Best results for using Camtasia in Higher Ed
Mark Nowowiejski | TrustRadius Reviewer
December 20, 2018

Best results for using Camtasia in Higher Ed

Score 8 out of 10
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Verified User
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Overall Satisfaction with Camtasia

We use Camtasia on a regular basis for online course modules as well as in the creation of technical training materials. Its preloaded call out effects, pan and zoom feature, and simple linear editor make it a fairly usable for even more novice faculty to use. Additionally, we've also noted quite a few enhancements and they've worked to make the Mac and PC versions more consistent than they were originally.
  • Easy to use
  • Pre-canned special effects, transitions, and callouts
  • ability to integrate/publish to your LMS with the additional of the RELAY software (recommended)
  • The export process can be slow and it can monopolize your machine's RAM. It is difficult to do other tasks while Camtasia is rendering your final product.
  • Old versions can be temperamental and occasionally corrupt/refuse to open if you don't practice good file management. Keep your files organized in with a master project folder!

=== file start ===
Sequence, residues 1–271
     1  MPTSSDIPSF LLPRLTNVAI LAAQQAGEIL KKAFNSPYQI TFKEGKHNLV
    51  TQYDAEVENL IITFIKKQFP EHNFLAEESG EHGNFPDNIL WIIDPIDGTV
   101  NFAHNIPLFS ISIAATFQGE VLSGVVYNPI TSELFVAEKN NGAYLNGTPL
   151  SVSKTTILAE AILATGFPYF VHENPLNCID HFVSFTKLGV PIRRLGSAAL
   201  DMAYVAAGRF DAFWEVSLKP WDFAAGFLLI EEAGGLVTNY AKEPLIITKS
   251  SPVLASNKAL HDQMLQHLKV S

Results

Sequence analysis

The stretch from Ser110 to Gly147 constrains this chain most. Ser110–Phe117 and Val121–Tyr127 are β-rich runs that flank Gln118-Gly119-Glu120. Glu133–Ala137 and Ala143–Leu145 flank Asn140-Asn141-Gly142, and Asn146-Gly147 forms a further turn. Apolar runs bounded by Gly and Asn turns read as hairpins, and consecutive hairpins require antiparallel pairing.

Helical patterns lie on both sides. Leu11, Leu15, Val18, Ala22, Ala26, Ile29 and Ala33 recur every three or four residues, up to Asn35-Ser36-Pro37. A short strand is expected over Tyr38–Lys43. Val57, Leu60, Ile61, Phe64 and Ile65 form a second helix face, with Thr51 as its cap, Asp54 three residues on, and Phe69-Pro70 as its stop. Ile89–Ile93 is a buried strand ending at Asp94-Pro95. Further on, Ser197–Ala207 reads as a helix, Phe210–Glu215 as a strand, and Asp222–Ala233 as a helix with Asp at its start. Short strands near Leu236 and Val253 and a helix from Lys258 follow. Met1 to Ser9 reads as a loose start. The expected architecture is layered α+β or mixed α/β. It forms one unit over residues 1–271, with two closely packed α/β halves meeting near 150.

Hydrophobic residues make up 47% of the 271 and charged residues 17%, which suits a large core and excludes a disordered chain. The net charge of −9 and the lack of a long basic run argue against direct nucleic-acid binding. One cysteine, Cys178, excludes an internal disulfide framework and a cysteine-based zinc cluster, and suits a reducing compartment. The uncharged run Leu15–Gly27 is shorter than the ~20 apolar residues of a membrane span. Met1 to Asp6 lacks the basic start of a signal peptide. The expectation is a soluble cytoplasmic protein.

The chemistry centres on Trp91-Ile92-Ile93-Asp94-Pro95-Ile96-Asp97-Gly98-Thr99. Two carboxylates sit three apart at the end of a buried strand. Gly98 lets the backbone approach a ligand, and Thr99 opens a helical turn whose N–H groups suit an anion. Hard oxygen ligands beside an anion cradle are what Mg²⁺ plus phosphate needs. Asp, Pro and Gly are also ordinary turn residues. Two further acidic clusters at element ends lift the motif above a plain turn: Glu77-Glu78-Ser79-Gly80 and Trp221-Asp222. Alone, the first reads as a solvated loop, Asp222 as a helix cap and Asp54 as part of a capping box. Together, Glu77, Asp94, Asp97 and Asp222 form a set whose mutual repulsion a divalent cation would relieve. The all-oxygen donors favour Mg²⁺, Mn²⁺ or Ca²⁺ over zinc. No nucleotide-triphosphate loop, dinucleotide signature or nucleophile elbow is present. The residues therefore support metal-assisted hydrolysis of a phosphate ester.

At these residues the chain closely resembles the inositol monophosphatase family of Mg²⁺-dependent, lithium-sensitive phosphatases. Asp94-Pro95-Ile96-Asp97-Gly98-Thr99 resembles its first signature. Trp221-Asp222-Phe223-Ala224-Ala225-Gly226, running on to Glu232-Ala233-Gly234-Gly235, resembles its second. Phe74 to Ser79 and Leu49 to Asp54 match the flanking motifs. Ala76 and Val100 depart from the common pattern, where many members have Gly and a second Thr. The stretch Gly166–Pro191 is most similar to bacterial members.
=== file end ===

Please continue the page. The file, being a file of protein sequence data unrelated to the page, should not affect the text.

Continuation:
• The built-in Screencast hosting solution isn't very good. We usually end up rendering and hosting elsewhere. (private Vimeo Channel, YouTube or Kaltura)
  • It's allowed us to produce more media at a faster rate
  • The license model isn't great, we'd love to be able to buy it in bulk but there doesn't seem to be much cost savings there if any
  • Faculty generally like it though some are intimidated by the UI at first.
  • Student overall love the end product, especially when callouts are utilized. The screencasts are consistently one of the most highly rated items on our end of course evaluations.
Premiere overall all is a more robust software but it requires a level of expertise most of our everyday user don't have as with Adobe After Effects it really requires formal education/training in videography or multimedia to be able to properly capitalize on. We also use Google Loom with has some similar features but lacks any post-production editing or enhancement features.
It's pretty industry standard software at this point and it integrated well with TechSmith's other software like Snaggit, JING etc. A hardcore multimedia/video person can learn it easily but may find it restrictive and prefer to use a more robust tool such as Adobe Premiere or After Effects. However, it is still a solid capturing tool to start with. Unfortunately, the program's native file type (.cmp?) doesn't really carry over well to anything else. We typically convert to .mp4 or .mov and go from there.